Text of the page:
5 Things You Don’t Know About Calories

Calories have a bad reputation when it comes to weight loss. But, calories are actually an important source of fuel that your body can’t live without.

“Your body needs calories for energy,” says Kimberly Lummus, MS, RD. “Calories are the force behind everything we do, including eating, sleeping, and breathing.”

But do you know how calories work, and how many you really need?

Here are five facts about calories…

Calories equal energy. Calories are how much energy your body gets from the food and beverages that it consumes.

Most food sources are composed of some combination of carbohydrates, fats, and proteins, and each of these nutrients contains calories.

There’s no such thing as a “bad” calorie. Your body processes each calorie the same. But Lummus adds that some foods are far more nutritious than others, so you should try to limit “empty” calories, such as those in soda. “We should strive to make our calories the most nutrient-dense that we can, meaning that we are packing in a lot of nutrition,” says Lummus.

Every person has a magic calorie number. You must find the right balance of calories every day, depending on your overall goals. The number of calories a person needs depends on many individual factors, including age, weight, height, and activity level. When dieticians counsel clients on calorie needs, they take all of these facts into consideration and come up with a suggestion for how many calories are needed to maintain, lose, or gain weight.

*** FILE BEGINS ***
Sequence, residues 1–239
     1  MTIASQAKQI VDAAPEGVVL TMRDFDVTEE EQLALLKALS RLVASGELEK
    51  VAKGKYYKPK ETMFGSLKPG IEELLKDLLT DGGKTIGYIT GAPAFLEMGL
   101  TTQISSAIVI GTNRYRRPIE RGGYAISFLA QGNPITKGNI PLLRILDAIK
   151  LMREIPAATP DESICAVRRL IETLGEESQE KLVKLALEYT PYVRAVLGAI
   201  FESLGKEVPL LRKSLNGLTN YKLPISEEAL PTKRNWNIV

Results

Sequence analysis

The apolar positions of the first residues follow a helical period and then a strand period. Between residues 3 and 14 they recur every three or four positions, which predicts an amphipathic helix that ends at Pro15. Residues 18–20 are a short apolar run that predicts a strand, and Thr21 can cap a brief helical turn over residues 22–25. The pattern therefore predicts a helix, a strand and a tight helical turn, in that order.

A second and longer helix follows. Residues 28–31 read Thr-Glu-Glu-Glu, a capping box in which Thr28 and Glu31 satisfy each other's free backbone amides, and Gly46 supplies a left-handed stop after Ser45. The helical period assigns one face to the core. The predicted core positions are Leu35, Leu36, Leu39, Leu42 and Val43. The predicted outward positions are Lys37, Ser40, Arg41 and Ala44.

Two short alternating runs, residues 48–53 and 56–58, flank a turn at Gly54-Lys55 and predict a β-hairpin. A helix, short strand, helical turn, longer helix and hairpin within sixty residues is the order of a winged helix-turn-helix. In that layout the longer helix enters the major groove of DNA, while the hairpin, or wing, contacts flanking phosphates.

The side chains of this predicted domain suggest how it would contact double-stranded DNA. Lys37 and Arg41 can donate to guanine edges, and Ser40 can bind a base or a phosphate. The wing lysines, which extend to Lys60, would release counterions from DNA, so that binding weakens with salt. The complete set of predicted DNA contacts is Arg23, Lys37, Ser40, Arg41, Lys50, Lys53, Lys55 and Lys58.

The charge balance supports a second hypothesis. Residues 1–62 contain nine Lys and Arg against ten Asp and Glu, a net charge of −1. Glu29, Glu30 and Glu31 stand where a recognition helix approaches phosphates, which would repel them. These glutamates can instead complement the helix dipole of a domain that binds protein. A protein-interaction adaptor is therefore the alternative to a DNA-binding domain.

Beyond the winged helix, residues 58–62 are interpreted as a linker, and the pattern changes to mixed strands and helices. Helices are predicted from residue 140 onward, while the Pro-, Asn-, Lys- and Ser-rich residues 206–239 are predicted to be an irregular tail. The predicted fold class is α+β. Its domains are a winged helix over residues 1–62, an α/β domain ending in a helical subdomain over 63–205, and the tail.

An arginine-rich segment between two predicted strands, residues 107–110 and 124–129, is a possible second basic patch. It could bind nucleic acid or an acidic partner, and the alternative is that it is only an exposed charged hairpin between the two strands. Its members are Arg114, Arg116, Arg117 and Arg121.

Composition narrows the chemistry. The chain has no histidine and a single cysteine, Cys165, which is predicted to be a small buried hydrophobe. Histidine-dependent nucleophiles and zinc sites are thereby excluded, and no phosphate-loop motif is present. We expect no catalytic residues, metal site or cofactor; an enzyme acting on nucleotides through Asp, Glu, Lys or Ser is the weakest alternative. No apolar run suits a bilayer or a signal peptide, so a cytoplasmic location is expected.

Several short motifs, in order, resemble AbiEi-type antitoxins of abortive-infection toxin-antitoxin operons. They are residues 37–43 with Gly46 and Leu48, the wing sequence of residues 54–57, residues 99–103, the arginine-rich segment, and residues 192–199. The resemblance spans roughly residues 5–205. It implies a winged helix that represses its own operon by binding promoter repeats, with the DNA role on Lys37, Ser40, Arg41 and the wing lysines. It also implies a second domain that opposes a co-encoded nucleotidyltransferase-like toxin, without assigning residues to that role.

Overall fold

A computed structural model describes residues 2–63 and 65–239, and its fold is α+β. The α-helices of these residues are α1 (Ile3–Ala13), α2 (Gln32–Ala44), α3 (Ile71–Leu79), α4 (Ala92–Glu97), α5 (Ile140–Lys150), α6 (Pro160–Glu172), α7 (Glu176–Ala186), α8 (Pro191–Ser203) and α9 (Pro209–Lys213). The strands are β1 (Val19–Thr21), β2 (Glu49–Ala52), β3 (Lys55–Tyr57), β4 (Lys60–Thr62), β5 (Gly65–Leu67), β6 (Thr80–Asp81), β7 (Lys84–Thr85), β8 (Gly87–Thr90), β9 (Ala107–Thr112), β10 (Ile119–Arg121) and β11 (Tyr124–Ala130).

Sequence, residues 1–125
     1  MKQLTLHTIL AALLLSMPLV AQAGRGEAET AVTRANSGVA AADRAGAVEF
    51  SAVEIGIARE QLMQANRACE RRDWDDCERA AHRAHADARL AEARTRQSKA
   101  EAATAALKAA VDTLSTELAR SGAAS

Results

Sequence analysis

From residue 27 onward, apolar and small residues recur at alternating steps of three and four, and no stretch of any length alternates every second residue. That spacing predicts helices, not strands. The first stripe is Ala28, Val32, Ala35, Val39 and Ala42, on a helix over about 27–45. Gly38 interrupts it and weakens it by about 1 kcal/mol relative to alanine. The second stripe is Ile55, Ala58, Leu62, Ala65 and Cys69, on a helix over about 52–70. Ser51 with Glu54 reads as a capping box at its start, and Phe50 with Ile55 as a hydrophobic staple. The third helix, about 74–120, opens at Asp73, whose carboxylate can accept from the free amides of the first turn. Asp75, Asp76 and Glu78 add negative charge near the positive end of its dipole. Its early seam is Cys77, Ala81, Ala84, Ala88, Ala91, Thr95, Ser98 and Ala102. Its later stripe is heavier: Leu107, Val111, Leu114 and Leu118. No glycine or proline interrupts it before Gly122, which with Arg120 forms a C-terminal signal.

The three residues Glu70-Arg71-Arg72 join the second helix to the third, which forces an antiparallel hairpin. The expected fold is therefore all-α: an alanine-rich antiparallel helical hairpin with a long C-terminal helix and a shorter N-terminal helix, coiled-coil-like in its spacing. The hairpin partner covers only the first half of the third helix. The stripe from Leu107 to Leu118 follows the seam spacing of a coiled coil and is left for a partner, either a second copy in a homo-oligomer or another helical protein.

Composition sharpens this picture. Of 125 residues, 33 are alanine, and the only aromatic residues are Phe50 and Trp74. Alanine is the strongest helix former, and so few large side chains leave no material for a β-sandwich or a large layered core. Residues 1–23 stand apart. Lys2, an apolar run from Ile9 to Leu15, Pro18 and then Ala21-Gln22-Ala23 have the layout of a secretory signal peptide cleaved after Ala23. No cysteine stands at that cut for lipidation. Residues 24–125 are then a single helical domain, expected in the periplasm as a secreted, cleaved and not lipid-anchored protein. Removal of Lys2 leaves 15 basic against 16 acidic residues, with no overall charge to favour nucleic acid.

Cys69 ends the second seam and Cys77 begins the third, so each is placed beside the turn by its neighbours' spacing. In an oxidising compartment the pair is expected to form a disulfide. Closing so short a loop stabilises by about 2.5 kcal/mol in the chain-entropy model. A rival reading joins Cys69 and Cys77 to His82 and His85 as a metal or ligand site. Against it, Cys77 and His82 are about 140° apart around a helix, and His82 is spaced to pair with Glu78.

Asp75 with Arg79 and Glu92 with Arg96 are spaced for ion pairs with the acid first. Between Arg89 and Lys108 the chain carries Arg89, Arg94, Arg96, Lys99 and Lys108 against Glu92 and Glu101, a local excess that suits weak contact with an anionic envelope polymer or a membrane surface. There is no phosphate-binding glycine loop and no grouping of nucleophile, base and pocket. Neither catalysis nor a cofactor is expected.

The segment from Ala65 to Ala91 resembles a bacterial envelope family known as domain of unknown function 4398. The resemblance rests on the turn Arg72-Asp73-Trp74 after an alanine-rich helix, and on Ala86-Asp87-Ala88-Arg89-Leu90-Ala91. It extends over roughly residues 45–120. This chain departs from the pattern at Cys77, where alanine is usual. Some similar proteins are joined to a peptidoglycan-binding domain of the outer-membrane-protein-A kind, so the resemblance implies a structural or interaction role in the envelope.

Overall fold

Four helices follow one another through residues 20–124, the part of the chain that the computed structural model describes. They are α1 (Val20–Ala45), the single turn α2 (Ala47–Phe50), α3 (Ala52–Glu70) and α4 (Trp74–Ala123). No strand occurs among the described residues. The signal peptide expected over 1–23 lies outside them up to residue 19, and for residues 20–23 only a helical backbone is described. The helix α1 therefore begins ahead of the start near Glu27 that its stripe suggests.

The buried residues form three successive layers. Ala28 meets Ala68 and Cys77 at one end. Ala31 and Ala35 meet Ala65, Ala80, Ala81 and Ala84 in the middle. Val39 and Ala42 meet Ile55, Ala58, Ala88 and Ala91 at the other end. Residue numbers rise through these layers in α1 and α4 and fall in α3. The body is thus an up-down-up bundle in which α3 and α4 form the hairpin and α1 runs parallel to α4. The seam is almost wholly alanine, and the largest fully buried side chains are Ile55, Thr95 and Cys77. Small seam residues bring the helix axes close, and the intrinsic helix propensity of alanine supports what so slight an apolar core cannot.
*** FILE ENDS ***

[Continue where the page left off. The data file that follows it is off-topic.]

This number is generally between 1300 and 2400 for most adults. Talk to a doctor or nutritionist about figuring out your perfect number.

Eating too few calories can make you gain weight. Consuming less than 1,200 calories per day can be harmful to your health. Eating below 1200 a day may trigger your body to go into starvation mode, causing your body to actually hold onto calories, and add up to more weight gain later.

Children’s calories vary tremendously. For example, teenage boys may require up to 3,000 calories per day, while teenage girls usually need around 2,200 calories each day. “For children, calorie needs are going to change a lot more because they are growing so rapidly,” Lummus continues. She says that infants 5 to 12 months of age need around 850 calories daily, 1- to 3-year-olds need roughly 1,300 calories daily, 4- to 6-year-olds need about 1,800 calories daily, and 7- to 10-year-olds require 2,000 calories daily.

“Counting calories is usually not necessary for children,” says Lummus. “You just want to make sure that your child is getting all of the requirements from all of the food groups.”

The Bottom Line About Calories

Both children and adults should get the bulk of their calories from a variety of healthful foods, including low-fat or fat-free dairy products, fruits and vegetables, whole grains, and lean protein sources — the building blocks of a nutritious diet.



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